The new Mercedes-AMG C63 ditches its V8 for a 670bhp 2.0-litre hybrid
Four-wheel drive, four-wheel steer, drift mode, e-mode, and a BIG kerbweight. Still want an M3?
It’s a car of massive, mighty numbers, the new Mercedes-AMG C63. Take the power outputs: 680 metric horsepower (or 670bhp), and a frankly baffling 752lb ft of torque. Welcome to a world where a Mercedes C-Class has more power than a Ferrari Enzo.
Yet it’ll also do a claimed 34 miles per gallon and emit just 156g/km of CO2 – about the same as a Golf GTI. And that’s because instead of a thumping great V8, the C63 now has a 2.0-litre four-cylinder engine, and F1-inspired hybrid boost under its nostrilled bonnet.
Because this requires a battery and motors – and because Mercedes has also heaped in tech like rear-wheel steering, adaptive suspension, four-wheel drive with rear-drive-only Drift Mode, and not one but two gearboxes… it’s heavy. 2,115kg heavy, for the saloon. The estate is 2,145kg – which is more than an Audi RS6. Yowch.
Let’s deal with the powertrain first, because even if you’re furious about the demise of AMG’s glorious V8 lineage, the C63’s drivetrain is a spectacular engineering achievement.
80 per cent of the 2.0-litre, four-cylinder turbo engine is carried over from the mad, bad A45 S hot hatch. What’s new is an electric motor for spooling up the turbo. This is designed to eliminate turbo lag and increase output – and means a relatively tiny engine generates 460bhp. That’s almost as much as you used to get from the old 6.2-litre V8…
The back axle then joins the party, with an e-motor and integrated electronic limited slip differential. It makes 201bhp, and drives through a two-speed transmission that auto-upshifts at 13,500rpm to give you another kick of boost. Mounting it at the back helps weight distribution, and means the poor nine-speed twin-clutch gearbox doesn’t get ripped apart, like it would if the e-motor was on the engine crank.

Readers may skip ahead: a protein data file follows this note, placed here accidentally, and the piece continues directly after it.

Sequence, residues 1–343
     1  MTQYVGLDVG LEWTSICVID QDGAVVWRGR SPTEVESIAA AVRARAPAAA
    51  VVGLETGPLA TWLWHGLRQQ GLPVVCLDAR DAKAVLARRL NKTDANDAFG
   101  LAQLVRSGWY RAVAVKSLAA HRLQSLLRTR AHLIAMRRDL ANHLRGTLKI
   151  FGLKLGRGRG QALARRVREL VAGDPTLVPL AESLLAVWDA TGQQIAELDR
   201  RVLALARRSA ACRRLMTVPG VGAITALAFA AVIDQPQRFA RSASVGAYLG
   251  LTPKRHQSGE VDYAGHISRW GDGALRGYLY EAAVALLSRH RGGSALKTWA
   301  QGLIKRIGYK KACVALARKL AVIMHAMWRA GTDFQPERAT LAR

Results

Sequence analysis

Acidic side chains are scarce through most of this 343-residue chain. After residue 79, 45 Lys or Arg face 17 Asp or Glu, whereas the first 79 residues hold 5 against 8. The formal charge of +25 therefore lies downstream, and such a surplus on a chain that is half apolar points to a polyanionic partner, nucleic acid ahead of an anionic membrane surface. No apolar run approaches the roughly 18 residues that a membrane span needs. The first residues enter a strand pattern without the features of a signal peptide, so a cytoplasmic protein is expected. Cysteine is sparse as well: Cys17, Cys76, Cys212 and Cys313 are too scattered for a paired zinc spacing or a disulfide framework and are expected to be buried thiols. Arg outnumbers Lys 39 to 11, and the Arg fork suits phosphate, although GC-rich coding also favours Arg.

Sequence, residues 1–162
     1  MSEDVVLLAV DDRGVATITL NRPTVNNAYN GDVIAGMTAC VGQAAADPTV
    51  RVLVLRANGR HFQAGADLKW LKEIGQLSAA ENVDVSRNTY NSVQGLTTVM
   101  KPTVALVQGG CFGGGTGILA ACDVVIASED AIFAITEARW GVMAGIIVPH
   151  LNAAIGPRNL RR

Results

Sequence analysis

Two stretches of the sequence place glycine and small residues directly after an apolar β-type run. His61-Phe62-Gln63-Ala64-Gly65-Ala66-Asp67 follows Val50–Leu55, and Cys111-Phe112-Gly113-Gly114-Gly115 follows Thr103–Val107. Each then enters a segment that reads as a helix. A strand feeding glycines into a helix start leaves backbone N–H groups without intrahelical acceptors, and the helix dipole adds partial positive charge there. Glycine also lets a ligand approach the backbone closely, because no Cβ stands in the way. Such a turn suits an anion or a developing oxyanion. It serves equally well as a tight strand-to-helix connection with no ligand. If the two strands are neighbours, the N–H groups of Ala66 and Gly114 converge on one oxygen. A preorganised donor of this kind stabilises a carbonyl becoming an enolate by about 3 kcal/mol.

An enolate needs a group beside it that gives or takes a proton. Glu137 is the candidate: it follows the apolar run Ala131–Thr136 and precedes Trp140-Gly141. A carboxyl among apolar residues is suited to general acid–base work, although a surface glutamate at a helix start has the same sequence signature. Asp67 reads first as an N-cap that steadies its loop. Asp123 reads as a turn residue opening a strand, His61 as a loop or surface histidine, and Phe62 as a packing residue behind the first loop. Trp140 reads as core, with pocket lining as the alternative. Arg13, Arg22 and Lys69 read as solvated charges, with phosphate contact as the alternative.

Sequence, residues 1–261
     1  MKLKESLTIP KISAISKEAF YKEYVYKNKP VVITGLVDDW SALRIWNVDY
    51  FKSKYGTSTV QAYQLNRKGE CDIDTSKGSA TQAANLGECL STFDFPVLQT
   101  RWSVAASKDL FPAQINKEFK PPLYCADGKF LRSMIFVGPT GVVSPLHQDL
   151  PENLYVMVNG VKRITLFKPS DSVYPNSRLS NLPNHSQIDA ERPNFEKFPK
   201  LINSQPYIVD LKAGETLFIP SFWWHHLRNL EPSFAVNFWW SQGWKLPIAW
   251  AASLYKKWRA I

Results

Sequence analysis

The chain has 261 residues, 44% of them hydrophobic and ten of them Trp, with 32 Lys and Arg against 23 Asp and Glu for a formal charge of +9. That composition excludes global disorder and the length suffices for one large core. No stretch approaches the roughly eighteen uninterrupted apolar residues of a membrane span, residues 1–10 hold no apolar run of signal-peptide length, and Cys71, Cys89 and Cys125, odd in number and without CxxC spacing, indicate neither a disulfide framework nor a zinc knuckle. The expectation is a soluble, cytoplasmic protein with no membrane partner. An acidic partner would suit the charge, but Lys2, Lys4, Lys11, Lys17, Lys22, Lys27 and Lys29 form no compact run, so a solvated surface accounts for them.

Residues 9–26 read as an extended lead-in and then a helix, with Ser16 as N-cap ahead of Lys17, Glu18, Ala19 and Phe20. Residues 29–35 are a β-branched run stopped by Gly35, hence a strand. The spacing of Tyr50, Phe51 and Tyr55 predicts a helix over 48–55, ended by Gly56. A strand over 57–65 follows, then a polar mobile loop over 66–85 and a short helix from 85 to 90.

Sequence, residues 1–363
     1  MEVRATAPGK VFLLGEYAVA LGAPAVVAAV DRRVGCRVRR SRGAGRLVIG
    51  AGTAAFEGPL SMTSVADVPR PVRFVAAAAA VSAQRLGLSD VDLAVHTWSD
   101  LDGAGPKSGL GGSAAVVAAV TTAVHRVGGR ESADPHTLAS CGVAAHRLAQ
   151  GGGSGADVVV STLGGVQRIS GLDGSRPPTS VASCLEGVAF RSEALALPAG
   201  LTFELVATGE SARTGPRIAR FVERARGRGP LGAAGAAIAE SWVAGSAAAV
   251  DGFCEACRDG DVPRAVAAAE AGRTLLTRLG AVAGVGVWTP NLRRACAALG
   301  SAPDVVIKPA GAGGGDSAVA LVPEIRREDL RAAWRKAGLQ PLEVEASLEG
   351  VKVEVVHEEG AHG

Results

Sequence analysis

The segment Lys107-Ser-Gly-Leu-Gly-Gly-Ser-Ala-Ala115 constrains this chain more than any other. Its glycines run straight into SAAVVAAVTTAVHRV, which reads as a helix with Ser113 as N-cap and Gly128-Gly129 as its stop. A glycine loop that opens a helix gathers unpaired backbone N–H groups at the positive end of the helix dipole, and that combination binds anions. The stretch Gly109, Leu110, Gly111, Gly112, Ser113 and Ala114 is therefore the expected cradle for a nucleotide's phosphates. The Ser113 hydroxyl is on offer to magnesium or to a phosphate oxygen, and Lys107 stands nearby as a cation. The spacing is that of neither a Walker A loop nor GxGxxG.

AMG claims 0-62mph happens in 3.4 seconds, and the top speed is limited to 174mph. Very fast, no doubt – but the current BMW M3 is just as quick, despite having ‘only’ 503bhp.
What it can’t do is cruise around without waking up the neighbours. The C63 can. Its 6.1kWh battery allows up to 13km of electric-only range. Other C-Classes have much bigger PHEV batteries, but AMG’s gone for a smaller one here to save weight (it’s a modest 89kg) and force you to use the various modes to get the best out of the system.
There’s a Race mode for when you fancy going wild, or you can save up your electric wildcard and hit ‘Boost’ to unleash all that instant punch for a brief moment of ‘watch this!’ terror. Apparently, the C63 features many lessons learned in the tortured creation of the AMG One hypercar.
Thank you for subscribing to our newsletter. Look out for your regular round-up of news, reviews and offers in your inbox.
Get all the latest news, reviews and exclusives, direct to your inbox.
So, that’s the tech spec. But the looks – despite having more power beneath the skin than most air forces – are subtle. Not as punchy as a BMW M3, is it?
The front wheelarches are subtly swollen, you get the familiar AMG Panamericana front grille, some (fake) quad pipes and 20-inch rims. Carbon-ceramic brakes and a carbon skirt / spoiler pack are optional.
Inside, there’s oodles of schporty graphics on the twin screens to marvel at when you’ve finished swearing at the touch-sensitive steering wheel controls. New toggles at the lower reaches of the wheel offer AMG-specific shortcuts to suspension, traction control, exhaust and powertrain modes.
You’ve even got four, yes, four levels of electricity-harvesting brake recuperation to choose between. We’re not sure, but a good chunk of that 2.1 tonne kerbweight might be the instruction manual. Or maybe it’s Lewis Hamilton’s race engineer hiding in the glovebox.
He won’t be in the boot. It’s compromised by the battery – which is a bugbear in the wagon, especially with the BMW M3 Touring inbound. But AMG is adamant that a hybrid downsized engine was the way to go – to reduce emissions, and offer the customer more power and more choice.
The right call? Something tells us this is 2022’s most divisive new fast car. Stay tuned to see (and hear) what it’s like to ride in on 6 October…